Helping Social Ventures To Thrive: Five Things You Need To Know
How can more social ventures help people find meaningful employment? UnLtd’s new Venture Manager Cat Chrimes explores the new Trading for Good report.
Insights on the leadership, activity, size and social impact of small and medium sized social enterprises across the UK were published in last month’s SEUK Trading for Good report.
Trading for Good focused on a trend around employment, making clear that many social ventures are doing fantastic work to help people far from the labour market to find jobs:
69% of small and medium-sized social enterprises support individuals from disadvantaged groups, and 43% seek to employ them; for example, 29% support individuals with a learning disability.
This was music to our ears, because earlier this year, UnLtd launched Thrive, a social accelerator working with ventures that increase access to employment for people distant from the job market. Thrive will support ventures working in this field to scale up their activities, so that they can do more of the amazing work that they do. It aims to directly address the chronic gap of affordable, appropriate support and capital for high growth social ventures.
The SEUK report reinforced how many social ventures in the UK exist purely to support people from disadvantaged backgrounds into employment, to help people be independent and improve their sense of self-worth through gaining meaningful employment. This is so important, and there is a real need for the Thrive programme to support these ventures at a crucial point in their business.
With Thrive expressions of interest open until 27th March, I thought I would share the top 5 questions and answers that I am being asked about the programme to help answer any questions that you might have:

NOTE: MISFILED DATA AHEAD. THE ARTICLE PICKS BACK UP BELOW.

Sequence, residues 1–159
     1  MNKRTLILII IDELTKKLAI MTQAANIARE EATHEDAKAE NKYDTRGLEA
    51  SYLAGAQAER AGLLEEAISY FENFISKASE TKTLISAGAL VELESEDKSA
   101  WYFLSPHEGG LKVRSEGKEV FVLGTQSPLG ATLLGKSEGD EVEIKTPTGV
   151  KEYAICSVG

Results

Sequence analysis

- What do you mean by access to employment?
UnLtd want to work with social ventures who provide either training and support to individuals to help them gain the confidence and skills to enter into work, or directly employ people who find it difficult to access employment.
- How does the programme work?
The programme is a 6-month accelerator to support you to scale up your venture. This is done through 1:1 support with your Venture Manager and also bespoke support through our specialist partners. There will also be peer to peer support and access to investment finance. We work though a 5 P’s plan where we look at the person, the people and resources, the performance, the proposition and then we work out the support plan with you, and what additional specialist support you require to make it work. We will have 2 contacts with you per month, so it is quite intensive.
- How does the investment work?
As part of the programme there is access to patient capital in the form of repayable investment of up to £50,000. Most ventures say that a barrier to scaling up is affordable finance, so if this is an issue that we identify, then we will look at all avenues of bridging this funding gap. The fund will offer either patient debt capital or equity investment:
The debt capital has an interest rate of 4%, with an average upfront capital repayment holiday of 6 months. The debt is designed to be repaid over 4 years, but we are building in as much flexibility into this as possible.
Equity finance will be offered to social ventures with the ability to raise share capital. Investment of £50,000 will be made in exchange for 10% equity stake, reflecting a £500,000 post-money valuation.
- What are the timelines for applying and for the programme?
We are taking expressions of interest until 27th March. If the EOI is accepted you will then need to complete an application form, and the deadline for completing this is 24th April. We encourage you to put in the EOI as soon as possible as this will give you more time for the application form. We will then choose eligible ventures and come to visit you and talk through your application. The final stage is a pitch to panel during the first two weeks of June where 20 ventures will be chosen for the programme. The programme starts 1st July and ends on 21st December.
- What’s holding me back?
I have had quite a few people say that the barrier for them scaling up is capacity. Capacity means a variety of things to us, personal capacity, staffing capacity, physical space, finance and confidence. These are issues we work through with you on the programme. We want you to feel confident that this is the right move for your venture and that you, as the person in charge has the skills and confidence to scale up, go on, just go for it!
The Thrive programme is now open for expressions of interest, go to: